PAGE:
As part of the battle over legalization of marijuana use in California and across the country, people have been disputing whether marijuana causes the same negative health consequences as tobacco. Now a new study shows that the two types of smoking share at least one common consequence: gum disease.
Surveys and Lab Tests in New Zealand
These results come from an analysis of a large cohort of people in New Zealand who were asked about their habits, and underwent laboratory tests from birth in 1972 or 73 until the age of 38. The cohort included 1037 individuals, 535 of whom were male. Of these individuals 484 had used tobacco daily at some point in their lives, while 675 had ever used cannabis.
Laboratory tests included measurements of heart function, lung function, systemic inflammation, and metabolic healthy. People also reported various health measures in a survey at the same time as laboratory tests, at ages 26 and 38.
They found that cannabis smoking was associated with poorer gum health at age 38, even after controlling for the amount of cigarette smoking. Prolonged cannabis use even made gum disease worse at age 38 after controlling for the oral health measured at age 26. Cannabis use, it seems, had a more negative effect on oral health than tobacco use.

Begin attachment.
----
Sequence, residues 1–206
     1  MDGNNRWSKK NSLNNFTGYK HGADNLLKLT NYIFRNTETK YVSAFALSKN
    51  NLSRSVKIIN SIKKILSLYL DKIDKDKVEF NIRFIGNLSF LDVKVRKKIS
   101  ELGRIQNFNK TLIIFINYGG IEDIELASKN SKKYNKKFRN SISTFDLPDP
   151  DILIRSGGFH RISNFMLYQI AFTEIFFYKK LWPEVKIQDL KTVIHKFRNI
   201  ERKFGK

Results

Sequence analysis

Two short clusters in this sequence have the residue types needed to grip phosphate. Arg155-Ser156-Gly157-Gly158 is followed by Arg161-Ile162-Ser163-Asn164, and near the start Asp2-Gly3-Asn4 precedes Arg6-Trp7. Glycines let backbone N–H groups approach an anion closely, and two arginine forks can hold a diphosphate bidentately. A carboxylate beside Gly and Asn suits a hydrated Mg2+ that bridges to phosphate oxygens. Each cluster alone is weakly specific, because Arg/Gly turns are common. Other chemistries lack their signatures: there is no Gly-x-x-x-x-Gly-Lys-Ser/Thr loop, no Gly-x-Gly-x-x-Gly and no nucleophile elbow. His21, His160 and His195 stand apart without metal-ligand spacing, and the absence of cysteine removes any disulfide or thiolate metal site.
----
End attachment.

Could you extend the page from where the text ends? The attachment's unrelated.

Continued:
However, cannabis use was not associated with other problems that were common to tobacco use. This includes worse lung function, systemic inflammation, and metabolic disorders.
There were some factors that likely contributed to the poorer oral health among cannabis users. Cannabis users were more likely to be dependent on alcohol, and tended to brush and floss less often than other members of the cohort. So, it’s possible that these other factors had a higher impact than was accounted for.
Implications for Cannabis Users
This study is a reminder that cannabis use is not without its health consequences. In particular, it seems to contribute to gum disease risk, and if it really turns out to be more serious than tobacco, we will likely see more people with receding gums and tooth loss in California as marijuana use continues to expand.
It’s important for cannabis users to make sure that they are continuing to perform proper oral hygiene and avoiding other dangerous habits that can synergize with cannabis use to lead to tooth loss. We have yet to see a study that evaluates the effect of cannabis use on dental implant success rates, but we expect it won’t be good.
If you are looking for a Beverly Hills periodontist that can help you manage risks related to cannabis or other lifestyle choices, please call (310) 275-5325 for an appointment at the office of Nicolas A. Ravon, DDS, MSD.